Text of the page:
Chapter 13 Bankruptcy Rules
The Chapter 13 bankruptcy rules set the stage for your eligibility to file Chapter 13 bankruptcy, and the legal requirements for paying your debt under a Court approved plan. Many consumers struggle to keep up with debt payments, but don’t consider bankruptcy an option. Sometimes that’s because they have substantial income and believe they won’t qualify, or because they fear they’ll lose their property. With a Chapter 13 bankruptcy, you typically keep all of your property as long as you stay current on your secured debt payments, and make up any past due payments. You’ll also need to pay at least the value of your non-exempt property, if any, to unsecured creditors through your repayment plan. Together, we’ll look at your financial situation and overall goals to decide whether a Chapter 13 bankruptcy is the most beneficial financial decision for you.
There are two main factors that contribute to your eligibility to file a Chapter 13: your income and your debt. You’ll need to demonstrate to the court that you have enough income to cover your secured debt payments, repay priority debts, cover basic living expenses, and otherwise comply with the bankruptcy laws. Payments on unsecured debts will vary from case to case, and sometimes may be repaid at a small percentage. We’ll work together as we build your case and propose your repayment plan, utilizing all your various sources of income. This doesn’t just mean a wage from a job. Your income would also include certain benefit payments, child support or alimony, rental income, proceeds from the sale of assets, and your spouse’s income.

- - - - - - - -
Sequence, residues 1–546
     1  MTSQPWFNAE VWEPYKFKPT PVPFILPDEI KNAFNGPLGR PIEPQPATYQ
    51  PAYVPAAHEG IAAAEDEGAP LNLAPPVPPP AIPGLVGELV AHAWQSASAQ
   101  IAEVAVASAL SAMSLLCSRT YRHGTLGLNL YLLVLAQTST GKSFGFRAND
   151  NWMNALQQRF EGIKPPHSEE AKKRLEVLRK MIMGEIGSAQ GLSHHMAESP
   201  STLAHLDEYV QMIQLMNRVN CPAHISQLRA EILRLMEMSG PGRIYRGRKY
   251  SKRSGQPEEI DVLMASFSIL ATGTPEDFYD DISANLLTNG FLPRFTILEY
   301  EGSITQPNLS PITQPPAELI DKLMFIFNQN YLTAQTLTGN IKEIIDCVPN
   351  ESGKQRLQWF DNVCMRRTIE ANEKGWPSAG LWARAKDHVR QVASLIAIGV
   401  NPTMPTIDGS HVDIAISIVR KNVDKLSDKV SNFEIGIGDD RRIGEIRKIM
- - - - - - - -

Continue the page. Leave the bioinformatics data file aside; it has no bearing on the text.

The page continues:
In addition to income requirements, there are upper limits to how much debt you can have and still be eligible to file Chapter 13. Secured debts, such as a mortgage or car loan, cannot exceed $1,148,525. Unsecured debts, such as medical bills, credit cards, utilities, back rent, and personal loans, may not exceed $383,175.
In order to qualify for a Chapter 13, you must also have filed all tax returns (or an applicable extension). Additionally, Chapter 13 bankruptcies are only for individuals and sole proprietorships, not business entities. If you own a corporation or limited liability company, and need to file bankruptcy for that entity, we can discuss other chapters of bankruptcy that may be a better fit.
Chapter 13 Payment Plan
We’ll consider your income and debt as we design and negotiate your payment plan, which could last between three and five years. If your income is higher than the median income for your state and household size, your plan will most likely last five years. If your income is less, we can propose a three-year plan. However, even if you are under the median, some people will still benefit from a five-year repayment plan if time is needed for payment of taxes or other priority debt. During this time, you’ll make payments to the court trustee who will then distribute them to your creditors as determined by the confirmed Chapter 13 plan.
Bankruptcy doesn’t have to mean wiping your financial slate clean and starting over from nothing. With a Chapter 13 bankruptcy, you’ll keep the property and assets you’ve worked so hard to earn, while also getting some help to put your debt behind you.
Davidson Backman Medeiros PLLC Can Help
Davidson Backman Medeiros PLLC helps individuals file for bankruptcy under Chapter 7 and Chapter 13 in Spokane, Seattle, and throughout Washington and Idaho. Davidson Backman Medeiros PLLC is a debt relief agency under federal law. We’d appreciate hearing from you with your comments and suggestions.